In this episode of the Biz Doc, Tom Ellsworth talks about the current social media market share and how teens are interacting online. Keeping it mobile, this week’s case study is about Figma, one of the leading tools used to design mobile apps and websites. Figma has recently been in the headlines after the anticipated acquisition by Adobe fell through…allowing Figma to bring home ONE BILLION dollars as a consolation prize!

Figma is a software application for developing apps that was recently poised to be acquired by Adobe for $20 billion. But the deal collapsed when Adobe could not find a way around antitrust laws in Europe and the UK.

Figma was created in 2012 when Brown University computer science students Dylan Field and Evan Wallace teamed up and received a $100,000 Thiel Fellowship. In 2015, they launched an invite-only beta version of Figma to see how it performed.

In 2016, Figma was released publicly and quickly became a beast of an app used in polls and other collaborative app features.

Venture Funding

In 2013, Figma received $3.8 million in seed funding from Index Ventures and tech investor Terrence Rohan. They followed this up with a $14 million Series A from Greylock in 2015—a really good Series A!

In 2018, they received $25 million as a Series B from Kleiner Perkins. Their association with this firm—which ranks among the most elite venture capital firms with Sequoia Capital and Benchmark—dramatically increased their prestige. Then, what do you know, they acquired $40 million from Sequoia in 2019 as their Series C.

One year later, they received a declaration that their valuation was $2 billion. They also received $50 million from Andreessen Horowitz in a Series D.

In May 2021, their valuation went up to $10 billion.

DAMN!” Biz Doc says. That’s quite the valuation!

At this point, Figma also received a $200 million investment from Durable Capital Partners as their Series E.

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Adobe was getting run out of town—and they took notice. Many app companies used Figma, proving the truth of their slogan “How you design, align, and build matters. Do it together with Figma.” How does Biz Doc know? Because Valuetainment’s app Minnect uses it!

Adobe Gets Interested

On September 15th, 2022, Adobe announced an agreement to acquire Figma, putting up the price tag of $20 billion in cash and stock. The market reacted harshly to the news.

Criticism immediately ensued on the grounds that such a combination would violate antitrust regulations, as Adobe also publishes Adobe XD (which was suffering in market shares). It was compared to Facebook’s acquisition of WhatsApp, which was executed to prevent it from growing into a competitor. The US Department of Justice started an investigation into the matter.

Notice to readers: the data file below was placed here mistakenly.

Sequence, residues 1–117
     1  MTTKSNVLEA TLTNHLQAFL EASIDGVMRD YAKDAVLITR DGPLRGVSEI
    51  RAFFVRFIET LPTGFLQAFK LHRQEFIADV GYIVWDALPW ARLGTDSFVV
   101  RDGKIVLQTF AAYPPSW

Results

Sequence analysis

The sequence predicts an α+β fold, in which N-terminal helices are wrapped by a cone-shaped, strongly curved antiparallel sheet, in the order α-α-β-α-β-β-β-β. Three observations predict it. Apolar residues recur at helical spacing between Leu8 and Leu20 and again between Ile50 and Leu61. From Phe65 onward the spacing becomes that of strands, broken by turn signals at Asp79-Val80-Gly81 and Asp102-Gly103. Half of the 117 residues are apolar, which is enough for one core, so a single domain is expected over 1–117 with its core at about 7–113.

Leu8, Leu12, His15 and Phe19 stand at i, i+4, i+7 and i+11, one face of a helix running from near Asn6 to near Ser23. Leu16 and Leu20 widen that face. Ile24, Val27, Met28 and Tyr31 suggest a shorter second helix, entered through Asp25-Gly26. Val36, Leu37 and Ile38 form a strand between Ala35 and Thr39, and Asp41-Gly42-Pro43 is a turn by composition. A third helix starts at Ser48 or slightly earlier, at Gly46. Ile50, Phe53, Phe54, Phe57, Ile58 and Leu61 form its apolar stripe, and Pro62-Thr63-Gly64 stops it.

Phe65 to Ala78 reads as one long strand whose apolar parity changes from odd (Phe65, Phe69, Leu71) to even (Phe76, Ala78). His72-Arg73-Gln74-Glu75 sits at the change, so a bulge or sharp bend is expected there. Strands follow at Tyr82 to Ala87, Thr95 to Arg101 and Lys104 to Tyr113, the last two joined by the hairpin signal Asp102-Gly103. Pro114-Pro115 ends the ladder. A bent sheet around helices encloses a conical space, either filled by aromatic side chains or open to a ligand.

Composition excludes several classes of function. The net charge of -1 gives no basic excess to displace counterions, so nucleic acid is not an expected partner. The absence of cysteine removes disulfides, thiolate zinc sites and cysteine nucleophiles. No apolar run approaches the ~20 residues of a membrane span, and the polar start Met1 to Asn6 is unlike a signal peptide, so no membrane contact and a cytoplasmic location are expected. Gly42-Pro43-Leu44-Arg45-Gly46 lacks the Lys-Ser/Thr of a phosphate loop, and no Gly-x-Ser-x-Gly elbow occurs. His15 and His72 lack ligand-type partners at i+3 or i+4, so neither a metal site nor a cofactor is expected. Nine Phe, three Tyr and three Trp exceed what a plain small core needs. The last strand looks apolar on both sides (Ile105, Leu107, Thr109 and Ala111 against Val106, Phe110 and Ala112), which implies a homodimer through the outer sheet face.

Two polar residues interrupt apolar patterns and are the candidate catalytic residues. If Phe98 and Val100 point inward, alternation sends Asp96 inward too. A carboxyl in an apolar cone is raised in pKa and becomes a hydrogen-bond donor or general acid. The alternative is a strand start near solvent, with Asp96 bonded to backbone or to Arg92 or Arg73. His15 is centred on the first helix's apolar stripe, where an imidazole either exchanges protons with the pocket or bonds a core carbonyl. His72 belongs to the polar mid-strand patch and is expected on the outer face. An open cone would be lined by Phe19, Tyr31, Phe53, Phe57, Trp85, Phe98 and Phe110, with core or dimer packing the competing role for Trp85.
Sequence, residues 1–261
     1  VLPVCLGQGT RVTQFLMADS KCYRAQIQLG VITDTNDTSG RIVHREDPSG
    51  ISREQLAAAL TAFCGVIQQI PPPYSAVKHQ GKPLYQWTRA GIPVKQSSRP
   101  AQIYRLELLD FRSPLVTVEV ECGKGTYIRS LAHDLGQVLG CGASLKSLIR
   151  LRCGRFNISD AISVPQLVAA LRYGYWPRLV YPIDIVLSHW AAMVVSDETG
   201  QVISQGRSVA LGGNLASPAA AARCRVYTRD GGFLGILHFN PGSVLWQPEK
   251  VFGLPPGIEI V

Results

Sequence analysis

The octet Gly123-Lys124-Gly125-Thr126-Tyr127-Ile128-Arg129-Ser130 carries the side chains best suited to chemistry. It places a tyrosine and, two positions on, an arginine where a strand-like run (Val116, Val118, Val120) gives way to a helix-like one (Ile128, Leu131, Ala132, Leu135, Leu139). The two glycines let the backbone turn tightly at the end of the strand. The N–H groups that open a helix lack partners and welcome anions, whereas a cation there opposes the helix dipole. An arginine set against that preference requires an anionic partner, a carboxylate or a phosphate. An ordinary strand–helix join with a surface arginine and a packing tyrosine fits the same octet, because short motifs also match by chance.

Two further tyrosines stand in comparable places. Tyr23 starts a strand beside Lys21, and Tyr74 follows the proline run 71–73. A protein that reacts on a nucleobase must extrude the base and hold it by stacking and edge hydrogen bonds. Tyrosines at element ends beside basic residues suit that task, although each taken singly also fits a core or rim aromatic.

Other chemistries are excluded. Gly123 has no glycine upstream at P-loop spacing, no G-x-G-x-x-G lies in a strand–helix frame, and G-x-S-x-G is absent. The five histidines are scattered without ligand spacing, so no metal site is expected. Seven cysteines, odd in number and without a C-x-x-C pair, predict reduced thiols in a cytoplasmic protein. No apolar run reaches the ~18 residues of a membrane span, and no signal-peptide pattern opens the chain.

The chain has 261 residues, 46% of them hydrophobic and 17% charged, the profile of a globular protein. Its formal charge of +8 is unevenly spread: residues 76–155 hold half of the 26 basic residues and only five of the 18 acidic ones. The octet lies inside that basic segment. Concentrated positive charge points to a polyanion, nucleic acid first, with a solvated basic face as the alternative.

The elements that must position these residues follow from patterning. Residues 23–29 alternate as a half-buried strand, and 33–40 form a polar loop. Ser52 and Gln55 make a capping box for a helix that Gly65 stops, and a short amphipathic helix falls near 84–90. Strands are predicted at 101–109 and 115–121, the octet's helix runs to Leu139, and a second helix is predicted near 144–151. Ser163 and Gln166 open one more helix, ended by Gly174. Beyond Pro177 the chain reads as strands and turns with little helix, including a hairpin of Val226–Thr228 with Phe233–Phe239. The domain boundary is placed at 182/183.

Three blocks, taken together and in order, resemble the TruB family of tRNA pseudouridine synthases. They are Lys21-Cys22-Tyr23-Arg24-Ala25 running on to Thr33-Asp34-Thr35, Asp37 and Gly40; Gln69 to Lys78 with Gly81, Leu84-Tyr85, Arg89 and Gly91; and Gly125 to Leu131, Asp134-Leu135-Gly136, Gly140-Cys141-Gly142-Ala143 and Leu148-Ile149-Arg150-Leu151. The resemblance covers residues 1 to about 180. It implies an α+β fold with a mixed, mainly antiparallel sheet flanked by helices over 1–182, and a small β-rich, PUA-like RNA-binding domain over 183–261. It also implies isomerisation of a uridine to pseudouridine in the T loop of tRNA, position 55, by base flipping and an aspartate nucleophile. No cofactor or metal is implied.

A European Commission investigation was launched into the Figma-Adobe deal, and in early 2023, a report came out that the European Union (EU) would likely block the merger.

In late December 2023, Adobe said there was “no clear path” toward antitrust approval in Europe and the UK. The European Union is more concerned about monopolies (and is more socialist) than the United States, but Adobe wanted to sell in Europe. So, it reasoned that it could not spend $20 billion just to get rejected in court.

In return for their troubles, Figma received a $1 billion breakup fee from Adobe (5 percent of the original $20 billion price tag). But Figma’s team was disappointed, as they expected an “acquisition bonus.”

There are also rumors that bankers have been seen in the lobby of Figma because they want to facilitate “private placement,” which means making Figma shares available to people who see how valuable Figma is, and want to invest. If employees of Figma want to sell their shares to private buyers, they would be allowed to do so.

Meanwhile, Adobe has $6 billion in cash available for other things, which they had previously earmarked for Figma. The market speculates they will purchase some AI plugins or buy back their own stock to improve their price-earnings (PE) ratio.

Adobe is walking away with more knowledge of Figma’s inner workings, which is now its competitor…but Figma is walking away with a war chest of Adobe money.

Biz Doc’s Takeaways

Be brave and bold – disruption happens all the time. The guys at Figma were confident with their idea and they knew it would catch on. You never know where it might end up…

Always think big – when Patrick and Tom talk about a business idea now, they don’t even consider it if it doesn’t begin with a “B.” Chase high mountains.

Regulators are real – the governments of the world have regulators that won’t hesitate to bust you up if they sense a monopoly. But that’s only if you’re lucky enough. Remember: if they’re trying to bust you, that means you’re very successful. Just go about mergers and acquisitions (M&A) legally and you will have nothing to worry about.

Funding can do more than provide capital – funding can set the size and perception of a market leader. It is a form of validation.

Shane Devine is a writer covering politics, economics, and culture for Valuetainment. Follow Shane on X (Twitter).

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